The Eagle Huntress Movie Review is brought to you by Sony.
My girls and I had the opportunity to screen The Eagle Huntress from SONY Pictures and we were pretty excited to broaden our horizons and learn about girls from other cultures. This is a sponsored post. All opinions are my own.
My daughters consider themselves pretty lucky to be able to do pretty much everything their brothers do. What they didn't realize before watching The Eagle Huntress is that life for girls isn't the same in every culture. They learned a lot about how girls are treated differently in other parts of the world, just by watching this documentary. I think what I loved the most about this film was the strong father-daughter relationship. I think that is something that can be so easy to miss in this movie but without the encouragement from her father, I don't think Aisholpan would have been able to break away from her culture's tradition the way she did. It was her father's approval and training that provided her with the knowledge, strength, and courage she needed to break down the barriers society had placed on her.
My daughters are very fortunate to have a father who is very supportive of them, but I know many girls need that strong male figure in their lives who is willing to give them the guidance and support they need to become a strong woman.
If you haven't seen this documentary it follows a 13-year-old girl (Aisholpan), as she trains to become the first female in 12 generations of her Kazakh family to become an eagle hunter and rises to the pinnacle of a tradition that has been handed down from father to son for centuries.
Set against the breathtaking expanse of the Mongolian steppe, The Eagle Huntress features some of the most awe-inspiring cinematography ever captured in a documentary, giving this intimate tale of a young girl's quest the dramatic force of an epic narrative film.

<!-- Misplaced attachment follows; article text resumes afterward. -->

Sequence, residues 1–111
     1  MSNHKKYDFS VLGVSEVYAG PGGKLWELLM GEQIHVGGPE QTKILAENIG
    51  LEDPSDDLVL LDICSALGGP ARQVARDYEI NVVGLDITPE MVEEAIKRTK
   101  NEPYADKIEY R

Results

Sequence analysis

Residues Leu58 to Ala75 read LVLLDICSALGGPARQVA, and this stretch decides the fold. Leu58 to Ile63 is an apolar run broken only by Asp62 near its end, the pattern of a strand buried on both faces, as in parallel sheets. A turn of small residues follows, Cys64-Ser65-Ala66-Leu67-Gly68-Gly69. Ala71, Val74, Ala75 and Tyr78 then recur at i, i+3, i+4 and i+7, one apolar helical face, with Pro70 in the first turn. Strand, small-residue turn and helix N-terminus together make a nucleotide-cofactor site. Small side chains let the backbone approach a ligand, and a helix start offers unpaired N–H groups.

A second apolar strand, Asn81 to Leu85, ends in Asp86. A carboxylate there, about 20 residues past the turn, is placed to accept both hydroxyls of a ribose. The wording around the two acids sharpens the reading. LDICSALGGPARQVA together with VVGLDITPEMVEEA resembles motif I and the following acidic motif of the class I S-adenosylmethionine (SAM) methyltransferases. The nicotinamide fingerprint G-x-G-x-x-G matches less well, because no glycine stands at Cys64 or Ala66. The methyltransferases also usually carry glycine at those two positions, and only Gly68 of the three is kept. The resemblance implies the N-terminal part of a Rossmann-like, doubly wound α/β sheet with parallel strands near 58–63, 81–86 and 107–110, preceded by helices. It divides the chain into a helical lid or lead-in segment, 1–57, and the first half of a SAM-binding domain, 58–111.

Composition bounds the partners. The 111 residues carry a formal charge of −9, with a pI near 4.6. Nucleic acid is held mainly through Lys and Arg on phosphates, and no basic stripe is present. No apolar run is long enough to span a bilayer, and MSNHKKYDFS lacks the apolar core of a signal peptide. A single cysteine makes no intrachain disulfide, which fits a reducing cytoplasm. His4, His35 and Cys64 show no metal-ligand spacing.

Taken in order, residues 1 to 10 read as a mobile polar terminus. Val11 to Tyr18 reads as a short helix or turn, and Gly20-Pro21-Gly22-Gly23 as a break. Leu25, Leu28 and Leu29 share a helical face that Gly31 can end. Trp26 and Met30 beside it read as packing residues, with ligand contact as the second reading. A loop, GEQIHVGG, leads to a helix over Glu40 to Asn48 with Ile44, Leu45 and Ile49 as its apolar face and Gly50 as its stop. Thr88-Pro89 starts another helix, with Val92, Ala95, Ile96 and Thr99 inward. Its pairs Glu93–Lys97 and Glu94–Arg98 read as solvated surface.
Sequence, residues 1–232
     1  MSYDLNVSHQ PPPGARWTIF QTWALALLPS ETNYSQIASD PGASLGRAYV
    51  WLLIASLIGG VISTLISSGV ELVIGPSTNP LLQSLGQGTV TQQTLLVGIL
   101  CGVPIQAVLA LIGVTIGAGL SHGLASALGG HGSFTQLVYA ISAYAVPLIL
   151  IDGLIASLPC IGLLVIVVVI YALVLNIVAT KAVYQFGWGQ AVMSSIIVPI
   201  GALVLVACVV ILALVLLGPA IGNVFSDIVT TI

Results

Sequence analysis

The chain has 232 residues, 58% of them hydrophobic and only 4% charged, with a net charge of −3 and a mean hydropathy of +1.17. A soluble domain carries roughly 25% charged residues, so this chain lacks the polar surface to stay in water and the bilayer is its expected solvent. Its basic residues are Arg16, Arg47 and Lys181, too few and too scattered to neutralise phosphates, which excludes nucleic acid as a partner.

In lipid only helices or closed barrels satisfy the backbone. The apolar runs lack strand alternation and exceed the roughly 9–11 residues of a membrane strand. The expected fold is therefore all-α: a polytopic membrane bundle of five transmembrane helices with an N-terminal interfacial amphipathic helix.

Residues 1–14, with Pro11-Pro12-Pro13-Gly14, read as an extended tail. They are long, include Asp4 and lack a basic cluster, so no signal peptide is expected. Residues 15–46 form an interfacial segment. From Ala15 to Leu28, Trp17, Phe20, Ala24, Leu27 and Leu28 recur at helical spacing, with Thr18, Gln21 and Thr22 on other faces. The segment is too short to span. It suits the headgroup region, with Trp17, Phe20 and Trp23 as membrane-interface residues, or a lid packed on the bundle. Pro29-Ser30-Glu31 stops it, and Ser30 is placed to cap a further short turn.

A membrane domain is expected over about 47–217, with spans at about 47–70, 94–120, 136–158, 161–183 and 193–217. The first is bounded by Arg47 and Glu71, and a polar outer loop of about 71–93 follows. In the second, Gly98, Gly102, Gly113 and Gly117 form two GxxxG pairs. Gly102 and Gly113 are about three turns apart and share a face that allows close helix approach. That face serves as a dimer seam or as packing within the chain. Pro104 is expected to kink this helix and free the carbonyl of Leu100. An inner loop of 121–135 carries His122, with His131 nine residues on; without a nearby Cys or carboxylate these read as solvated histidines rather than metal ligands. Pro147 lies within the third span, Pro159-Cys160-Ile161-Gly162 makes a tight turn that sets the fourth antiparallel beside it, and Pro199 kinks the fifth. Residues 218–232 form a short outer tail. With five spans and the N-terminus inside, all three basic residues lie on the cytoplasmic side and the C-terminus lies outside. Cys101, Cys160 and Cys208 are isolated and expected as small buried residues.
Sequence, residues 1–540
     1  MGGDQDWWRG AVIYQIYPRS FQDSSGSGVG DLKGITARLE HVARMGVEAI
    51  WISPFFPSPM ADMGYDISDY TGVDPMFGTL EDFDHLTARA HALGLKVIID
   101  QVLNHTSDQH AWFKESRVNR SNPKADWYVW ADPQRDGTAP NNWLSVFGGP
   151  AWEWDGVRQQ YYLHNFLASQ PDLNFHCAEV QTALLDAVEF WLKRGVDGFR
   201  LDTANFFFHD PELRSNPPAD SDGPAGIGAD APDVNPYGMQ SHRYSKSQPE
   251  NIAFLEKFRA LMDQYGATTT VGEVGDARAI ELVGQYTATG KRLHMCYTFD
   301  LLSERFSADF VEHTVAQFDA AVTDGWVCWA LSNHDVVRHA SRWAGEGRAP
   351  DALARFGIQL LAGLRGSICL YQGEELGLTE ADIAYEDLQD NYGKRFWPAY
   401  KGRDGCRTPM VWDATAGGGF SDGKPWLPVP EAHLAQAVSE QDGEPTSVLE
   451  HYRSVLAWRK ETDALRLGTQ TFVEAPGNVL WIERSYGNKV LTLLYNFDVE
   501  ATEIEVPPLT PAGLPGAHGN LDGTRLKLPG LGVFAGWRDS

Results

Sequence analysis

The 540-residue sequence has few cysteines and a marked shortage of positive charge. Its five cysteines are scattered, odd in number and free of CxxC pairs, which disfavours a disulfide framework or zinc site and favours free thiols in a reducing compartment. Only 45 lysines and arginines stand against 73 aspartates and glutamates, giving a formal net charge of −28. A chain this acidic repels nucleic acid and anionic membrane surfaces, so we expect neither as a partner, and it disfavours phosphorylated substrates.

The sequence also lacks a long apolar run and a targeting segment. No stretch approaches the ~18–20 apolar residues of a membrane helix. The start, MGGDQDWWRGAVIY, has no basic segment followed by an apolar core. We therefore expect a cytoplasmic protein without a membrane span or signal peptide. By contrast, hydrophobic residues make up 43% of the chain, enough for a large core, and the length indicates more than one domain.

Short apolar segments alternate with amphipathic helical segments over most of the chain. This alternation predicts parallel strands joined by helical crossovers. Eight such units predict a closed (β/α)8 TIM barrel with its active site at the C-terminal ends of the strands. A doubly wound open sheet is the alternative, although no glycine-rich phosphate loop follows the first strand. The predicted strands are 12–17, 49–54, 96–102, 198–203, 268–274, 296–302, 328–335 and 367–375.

This film is a great excuse to sit down with your daughters and talk about gender stereotypes and the many amazing things girls and women can do. It also opened a lot of doors for me to talk to my daughters about gender roles. The elders in one scene of the movie mention that women stay home and prepare tea and water and that was an interesting conversation with my girls because I don't believe there is anything wrong with that. I think in our society we so quickly cast the "tea and water makers" as these weak and defenseless creatures. While the men of different cultures may see the women this way these same tea and water makers take care of the sick in these villages and the wounded these are strong women who do so much more than prepare tea and water.
All of that to say; if you are looking to get into some really deep conversations with your daughters about gender roles, equality, living one's dreams, parental support, and facing challenges, I think this is a great documentary for that.
Not to mention we had never even heard of eagle hunting before this so that was pretty awesome to see. I mean a little girl that wasn't afraid to scale a cliff and steal an eagle hatchling? I'm afraid of chickens and frogs! All jokes aside this girl definitely has us beat in the bravery department but after some discussion, we agree that we think that is a product of her growing up in a much less sheltered culture. We think there is probably a lot we could learn from Aisholpan.
If you'd like to open up some interesting discussions with your own daughters or sons you can get The Eagle Huntress on Blu-ray, DVD & Digital.
Check our our Hunger Games Movie Review here